Swift Engineering is known for race car designs more than prototype aircraft, but with its successful role designing and building a concept jet for Eclipse Aviation has made a bold leap into the aerospace market.

The company that now aims to fill a niche role as a rapid prototype shop for all-composite airframes, encroaching on a market all but cornered for several years by Scaled Composites.

However, Scaled Composites founder Burt Rutan has turned his chief focus to developing a fleet of manned spacecraft for Sir Richard Branson's Virgin Galactic venture, and he is also awaiting federal approval for a Northrop Grumman takeover bid. Both developments appear to create an opportunity for new companies to enter the market.

"We've been approached by a lot of people who were told 'no' by Scaled," says Mark Page, Swift's chief engineer. "They're real busy with the rocket."

Swift has previously been known in aerospace circles for a concept for a swarming, flying-wing family of tactical unmanned air vehicles called Killer Bees, which has attracted impressive interest from aerospace contractors, but, as yet, no firm orders. An initial partnership with Northrop Grumman Integrated Systems was dissolved, and the company is now teamed with Raytheon Missile Systems to offer Killer Bee for a joint contract for the US Navy and US Marine Corps for a small tactical unmanned aircraft system/tier II (STUAS/Tier II) requirement.

That project has been postponed nearly a year to launch in mid-fiscal year 2008.

The Killer Bee and ECJ projects grew out of the company's 24-year history in the automotive racing business, where it has built 500 cars and helped design Toyota racers. Its facilities include aerodynamic windtunnels and autoclaves for composite materials, and one-third of its engineering staff coming from aerospace companies.

Swift's stature in the aerospace industry rose dramatically with the unveiling of the V-tail ECJ at the AirVenture show in Oshkosh, Wisconsin, in late July. Eclipse founder Vern Rayburn introduced the jet, indicating that he had contracted with Swift to assist with designing and building the aircraft.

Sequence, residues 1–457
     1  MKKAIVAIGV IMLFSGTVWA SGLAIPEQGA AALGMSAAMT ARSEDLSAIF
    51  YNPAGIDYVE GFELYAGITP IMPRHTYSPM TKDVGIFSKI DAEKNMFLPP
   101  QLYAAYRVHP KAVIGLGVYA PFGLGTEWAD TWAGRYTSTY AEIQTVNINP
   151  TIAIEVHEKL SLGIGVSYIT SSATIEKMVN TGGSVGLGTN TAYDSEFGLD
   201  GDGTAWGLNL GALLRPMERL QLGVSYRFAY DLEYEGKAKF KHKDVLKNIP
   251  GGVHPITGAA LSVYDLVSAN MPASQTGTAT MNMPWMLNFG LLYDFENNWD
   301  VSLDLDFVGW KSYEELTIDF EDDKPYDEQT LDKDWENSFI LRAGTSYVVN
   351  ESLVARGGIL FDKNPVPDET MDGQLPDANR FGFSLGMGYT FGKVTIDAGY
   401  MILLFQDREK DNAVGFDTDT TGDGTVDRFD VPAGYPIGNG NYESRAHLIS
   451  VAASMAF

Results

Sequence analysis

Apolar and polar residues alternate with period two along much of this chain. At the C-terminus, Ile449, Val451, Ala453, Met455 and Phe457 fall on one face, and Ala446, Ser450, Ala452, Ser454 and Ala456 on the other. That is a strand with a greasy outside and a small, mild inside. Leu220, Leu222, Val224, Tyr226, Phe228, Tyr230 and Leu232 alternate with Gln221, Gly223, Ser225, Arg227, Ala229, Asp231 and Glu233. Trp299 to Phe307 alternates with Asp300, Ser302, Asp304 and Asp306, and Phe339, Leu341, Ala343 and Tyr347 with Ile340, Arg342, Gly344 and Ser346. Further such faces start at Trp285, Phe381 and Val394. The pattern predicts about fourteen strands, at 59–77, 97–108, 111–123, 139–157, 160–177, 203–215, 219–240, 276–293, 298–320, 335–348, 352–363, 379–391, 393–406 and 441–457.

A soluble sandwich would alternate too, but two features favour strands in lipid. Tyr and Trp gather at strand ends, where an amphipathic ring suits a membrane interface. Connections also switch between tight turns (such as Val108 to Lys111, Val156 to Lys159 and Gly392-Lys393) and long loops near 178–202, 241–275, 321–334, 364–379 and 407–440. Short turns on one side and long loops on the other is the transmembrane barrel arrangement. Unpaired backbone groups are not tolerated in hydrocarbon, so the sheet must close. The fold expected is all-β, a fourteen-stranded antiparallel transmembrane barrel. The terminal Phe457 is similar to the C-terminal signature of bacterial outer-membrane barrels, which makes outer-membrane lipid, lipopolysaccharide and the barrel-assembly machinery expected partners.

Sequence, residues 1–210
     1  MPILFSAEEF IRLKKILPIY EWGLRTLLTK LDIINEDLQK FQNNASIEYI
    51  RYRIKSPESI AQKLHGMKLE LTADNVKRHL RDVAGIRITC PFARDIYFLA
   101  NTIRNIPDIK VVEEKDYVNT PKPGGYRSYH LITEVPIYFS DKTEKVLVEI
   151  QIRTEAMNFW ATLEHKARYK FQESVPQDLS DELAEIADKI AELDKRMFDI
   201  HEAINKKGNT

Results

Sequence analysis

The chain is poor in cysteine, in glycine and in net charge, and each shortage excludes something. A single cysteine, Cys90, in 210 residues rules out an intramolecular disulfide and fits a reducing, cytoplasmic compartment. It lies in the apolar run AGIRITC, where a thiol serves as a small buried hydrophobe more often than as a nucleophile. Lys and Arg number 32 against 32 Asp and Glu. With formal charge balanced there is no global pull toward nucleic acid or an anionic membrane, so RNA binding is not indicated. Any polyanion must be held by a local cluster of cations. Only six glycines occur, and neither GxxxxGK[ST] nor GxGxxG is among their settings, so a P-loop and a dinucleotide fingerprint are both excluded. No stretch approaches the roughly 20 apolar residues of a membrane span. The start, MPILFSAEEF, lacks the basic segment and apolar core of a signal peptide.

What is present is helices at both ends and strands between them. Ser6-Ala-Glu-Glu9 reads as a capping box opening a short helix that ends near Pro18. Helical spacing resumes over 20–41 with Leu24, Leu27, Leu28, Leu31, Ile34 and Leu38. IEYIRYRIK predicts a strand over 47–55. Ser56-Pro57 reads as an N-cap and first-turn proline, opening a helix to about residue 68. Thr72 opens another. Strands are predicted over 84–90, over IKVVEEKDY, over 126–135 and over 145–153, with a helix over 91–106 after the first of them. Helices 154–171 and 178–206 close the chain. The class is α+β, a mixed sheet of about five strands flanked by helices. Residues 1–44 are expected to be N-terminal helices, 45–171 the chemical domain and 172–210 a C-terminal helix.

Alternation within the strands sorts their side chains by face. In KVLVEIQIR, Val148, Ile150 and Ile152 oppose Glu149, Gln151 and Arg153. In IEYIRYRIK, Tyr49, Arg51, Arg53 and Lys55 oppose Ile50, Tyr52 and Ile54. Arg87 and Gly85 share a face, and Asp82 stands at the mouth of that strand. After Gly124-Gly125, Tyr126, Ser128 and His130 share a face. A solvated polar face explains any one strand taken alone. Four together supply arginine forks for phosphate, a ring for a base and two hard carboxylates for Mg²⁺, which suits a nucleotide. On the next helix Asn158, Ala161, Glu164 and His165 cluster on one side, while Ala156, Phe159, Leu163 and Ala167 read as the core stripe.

"We needed a proven aerodynamics expert to aggressively drive this new initiative forward while we stayed focused on our core business of ramping up Eclipse 500 production and deliveries," Rayburn said at Oshkosh. "Swift made it happen in record time, and the result is a very innovative idea for an aircraft."

Eclipse first contacted Swift about the project in late December 2006, Page said. Eclipse defined the aircraft's performance requirements and specified a few design features, such as the use of the Eclipse 500 wing assembly. But Rayburn, who was one of only four Eclipse employees aware of the new project, left the design work to Swift.

Page said his team worked through the Christmas holiday break to design the ECJ and submitted it for approval to Eclipse on 9 January. The company was assisted by a Microsoft Excel-based design tool that automates the process of translating performance specifications into aerodynamic configurations, he said.

Rayburn immediately gave Swift the go-ahead for the project on 9 January, and Swift delivered the aircraft for flight testing at NASA's Wallops Flight Facility in Virginia. The aircraft first flew on 2 July, fewer than 200 days after the project was officially launched by Eclipse.

The ECJ will be used by Eclipse to assess the feasibility of the personal jet market. If Eclipse decides to launch the product, Swift hopes to claim a role as a major supplier.

Source: FlightGlobal.com